more Roosevelt armies. Th?* thing
which counts is to get a system which
keep? the men coming and coming."
American officers, In commenting on
tha fact that Admiral Sims is repre?
senting America at the Balkan confer?
ence, explain that ha has been choten
because nit branch is in active service,
while Pershing's men are ?till training.
Allies Decide
Base in Greece
Conference in Paris Agrees
to End Occupation of
Three Provinces
Will Fight On
To End Aggression
U. ?S. Criticised for Failure
To Send Delegates;
Sims Is Consulted
IB? Cable to The Trtbun?]
London, July 27.?The Allied powers
have decided to end their military oc?
cupation of ancient Greece, Thessaly
?nd Epiru?. This was determined upon
before the conclusion of the great war
:onference in Paris yesterday. At the
Bame time it waa unanimously agreed
that the Entente powers should not lay
down their arms until they had at?
tained their aims in the war-"to ren?
ier impossible a return of the criminal
aggression such a? that whereof the
Central Powers bear the responsi?
The withdrawal of the Allied force?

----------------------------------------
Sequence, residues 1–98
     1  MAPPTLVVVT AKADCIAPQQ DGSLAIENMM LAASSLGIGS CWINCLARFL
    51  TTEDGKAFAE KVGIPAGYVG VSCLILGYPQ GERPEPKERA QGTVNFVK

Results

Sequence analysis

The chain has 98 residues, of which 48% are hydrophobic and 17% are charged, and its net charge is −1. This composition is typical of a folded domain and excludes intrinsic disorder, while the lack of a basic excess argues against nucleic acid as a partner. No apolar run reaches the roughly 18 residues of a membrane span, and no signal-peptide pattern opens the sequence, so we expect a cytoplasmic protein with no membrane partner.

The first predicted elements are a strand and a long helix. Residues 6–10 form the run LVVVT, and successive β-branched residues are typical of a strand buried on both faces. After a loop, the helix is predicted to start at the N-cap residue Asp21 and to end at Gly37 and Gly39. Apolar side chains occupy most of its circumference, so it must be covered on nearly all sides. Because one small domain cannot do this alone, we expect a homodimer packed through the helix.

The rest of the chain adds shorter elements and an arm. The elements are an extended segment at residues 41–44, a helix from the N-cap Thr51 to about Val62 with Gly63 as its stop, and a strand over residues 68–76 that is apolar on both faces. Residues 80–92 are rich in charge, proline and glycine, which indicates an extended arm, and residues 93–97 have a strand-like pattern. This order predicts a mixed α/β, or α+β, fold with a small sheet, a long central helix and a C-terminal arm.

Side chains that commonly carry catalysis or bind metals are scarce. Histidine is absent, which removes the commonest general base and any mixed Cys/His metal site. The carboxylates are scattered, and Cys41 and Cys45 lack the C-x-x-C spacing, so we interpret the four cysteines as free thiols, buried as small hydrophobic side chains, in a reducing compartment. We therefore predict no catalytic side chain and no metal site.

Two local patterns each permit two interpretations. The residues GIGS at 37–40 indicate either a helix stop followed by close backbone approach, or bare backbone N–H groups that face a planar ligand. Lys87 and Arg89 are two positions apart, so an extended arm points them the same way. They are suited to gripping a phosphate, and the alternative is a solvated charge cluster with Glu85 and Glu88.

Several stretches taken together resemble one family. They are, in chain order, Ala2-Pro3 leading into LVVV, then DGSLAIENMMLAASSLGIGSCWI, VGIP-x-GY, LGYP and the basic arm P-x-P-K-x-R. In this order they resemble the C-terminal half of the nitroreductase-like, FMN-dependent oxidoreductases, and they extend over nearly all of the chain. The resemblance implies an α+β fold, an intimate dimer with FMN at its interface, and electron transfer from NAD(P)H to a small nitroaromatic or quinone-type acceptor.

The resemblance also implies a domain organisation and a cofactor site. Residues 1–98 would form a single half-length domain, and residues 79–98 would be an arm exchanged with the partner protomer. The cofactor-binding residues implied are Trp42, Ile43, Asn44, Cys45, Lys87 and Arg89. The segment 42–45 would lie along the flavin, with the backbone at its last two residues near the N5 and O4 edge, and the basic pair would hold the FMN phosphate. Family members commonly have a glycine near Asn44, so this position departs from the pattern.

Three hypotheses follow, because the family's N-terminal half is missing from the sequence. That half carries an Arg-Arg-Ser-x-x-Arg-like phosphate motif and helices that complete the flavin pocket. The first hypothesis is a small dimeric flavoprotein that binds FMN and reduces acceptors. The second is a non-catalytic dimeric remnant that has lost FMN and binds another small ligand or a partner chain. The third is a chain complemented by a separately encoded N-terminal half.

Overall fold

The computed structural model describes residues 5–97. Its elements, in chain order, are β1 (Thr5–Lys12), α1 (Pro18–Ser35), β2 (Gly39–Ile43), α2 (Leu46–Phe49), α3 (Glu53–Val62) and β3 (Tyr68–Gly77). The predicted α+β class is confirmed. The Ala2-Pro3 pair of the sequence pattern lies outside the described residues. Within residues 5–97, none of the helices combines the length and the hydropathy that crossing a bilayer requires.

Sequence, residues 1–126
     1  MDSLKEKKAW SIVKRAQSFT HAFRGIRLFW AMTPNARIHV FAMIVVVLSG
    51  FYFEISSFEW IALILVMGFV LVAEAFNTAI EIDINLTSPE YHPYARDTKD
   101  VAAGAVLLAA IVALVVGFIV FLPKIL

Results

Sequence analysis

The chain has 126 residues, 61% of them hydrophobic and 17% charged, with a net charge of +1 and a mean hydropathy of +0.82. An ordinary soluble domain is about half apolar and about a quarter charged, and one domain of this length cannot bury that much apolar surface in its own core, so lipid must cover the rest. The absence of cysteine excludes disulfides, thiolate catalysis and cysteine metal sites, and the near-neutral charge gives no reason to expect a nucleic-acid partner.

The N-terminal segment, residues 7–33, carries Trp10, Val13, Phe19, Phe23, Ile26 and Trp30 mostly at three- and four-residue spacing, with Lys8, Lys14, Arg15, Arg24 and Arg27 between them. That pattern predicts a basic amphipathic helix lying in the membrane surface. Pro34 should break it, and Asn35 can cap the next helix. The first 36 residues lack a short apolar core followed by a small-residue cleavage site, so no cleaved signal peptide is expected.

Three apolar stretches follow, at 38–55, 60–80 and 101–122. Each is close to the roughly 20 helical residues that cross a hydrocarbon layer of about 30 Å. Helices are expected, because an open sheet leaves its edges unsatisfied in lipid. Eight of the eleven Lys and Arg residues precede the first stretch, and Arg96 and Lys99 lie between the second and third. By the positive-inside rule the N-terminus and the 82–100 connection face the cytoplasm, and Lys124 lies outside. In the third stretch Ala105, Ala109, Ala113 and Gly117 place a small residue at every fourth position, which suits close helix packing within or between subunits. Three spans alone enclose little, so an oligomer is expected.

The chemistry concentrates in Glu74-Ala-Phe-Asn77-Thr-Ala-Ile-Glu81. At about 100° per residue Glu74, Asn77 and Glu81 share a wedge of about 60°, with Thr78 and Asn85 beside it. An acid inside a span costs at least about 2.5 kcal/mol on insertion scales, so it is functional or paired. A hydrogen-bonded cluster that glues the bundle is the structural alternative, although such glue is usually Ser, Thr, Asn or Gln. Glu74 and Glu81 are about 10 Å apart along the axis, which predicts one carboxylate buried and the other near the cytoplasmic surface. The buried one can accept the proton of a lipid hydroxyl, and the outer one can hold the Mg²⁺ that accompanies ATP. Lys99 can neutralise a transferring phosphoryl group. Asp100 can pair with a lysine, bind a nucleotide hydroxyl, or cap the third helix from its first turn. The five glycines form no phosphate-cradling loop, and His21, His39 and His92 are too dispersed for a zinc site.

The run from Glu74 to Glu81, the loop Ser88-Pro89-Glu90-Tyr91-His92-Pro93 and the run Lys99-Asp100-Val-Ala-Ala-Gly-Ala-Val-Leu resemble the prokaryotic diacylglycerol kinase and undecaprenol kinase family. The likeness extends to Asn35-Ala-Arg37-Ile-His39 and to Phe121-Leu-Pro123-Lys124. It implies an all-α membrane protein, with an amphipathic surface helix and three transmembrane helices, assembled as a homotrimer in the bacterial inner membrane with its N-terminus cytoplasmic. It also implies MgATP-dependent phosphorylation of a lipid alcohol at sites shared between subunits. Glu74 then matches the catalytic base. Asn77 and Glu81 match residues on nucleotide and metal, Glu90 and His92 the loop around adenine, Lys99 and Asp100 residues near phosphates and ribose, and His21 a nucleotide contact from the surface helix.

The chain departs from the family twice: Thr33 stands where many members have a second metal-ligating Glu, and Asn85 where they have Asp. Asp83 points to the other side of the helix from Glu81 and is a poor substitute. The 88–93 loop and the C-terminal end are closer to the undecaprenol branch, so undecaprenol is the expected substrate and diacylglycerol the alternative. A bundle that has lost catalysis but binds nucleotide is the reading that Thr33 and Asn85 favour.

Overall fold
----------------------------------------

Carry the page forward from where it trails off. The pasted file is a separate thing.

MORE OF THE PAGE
from the three territories name?!,
which will be undertaken by the con?
ference immediately on their return
home, will have no effect on military
operations in the Macedonian front,
which extends through Greek Mace?
donia and Southern Serbia, gome dis?
tance to the north.
For the time being, also, Allied
troops will continue their occupation
of the triangle formed by the Santi
yuaranta road and the Epirus frontier,
tad the military and naval base on the :
Island of Corfu will be maintained,
under the sovereignty of Greece.
The declaration follows:
The Allied powers, more closely
BBltad than ever for the defence of
the people's rights, particularly in
the Balkan peninsula, are resolved
not to lay down arms until they have
attained the end which in their eye?
dominates all others -to render im?
possible a return of the criminal ag
greaaifa such as that whereof the
< entrai Empires bet? the respon
The ?nnoancrw. ? ? ?-'??. he de?
cision concerning Greek territory read:
F'rance, Great Britain and Italy,
simultaneously and as loon as pos?
ible, will end the occupations they
have been obliged to make in ancient
Greece, Thessaly und Epirus. Tho
military occupation of the triangle
formed by the Santi Quaranta road
er.d the Epirus frontier will be main?
tained provisionally as a measure of
seruri'y, Italy and Greece to agree as
regards re-establishmcnt of the civil
administration under a commissioner
appointed by Greece. F'rance, Great
Britain and Italy will preserve dur?
ing the war a naval and military
bast on the island of Corfu, the isl?
and remaining under tht sovereignty
of Greece.
Sim? Attend? Conference
The I'nited States was unofficially
represented at the conference In Paris
by Vice-Admiral Sims, who was called
into consultation on the shipping and
gineral naval situition, and by General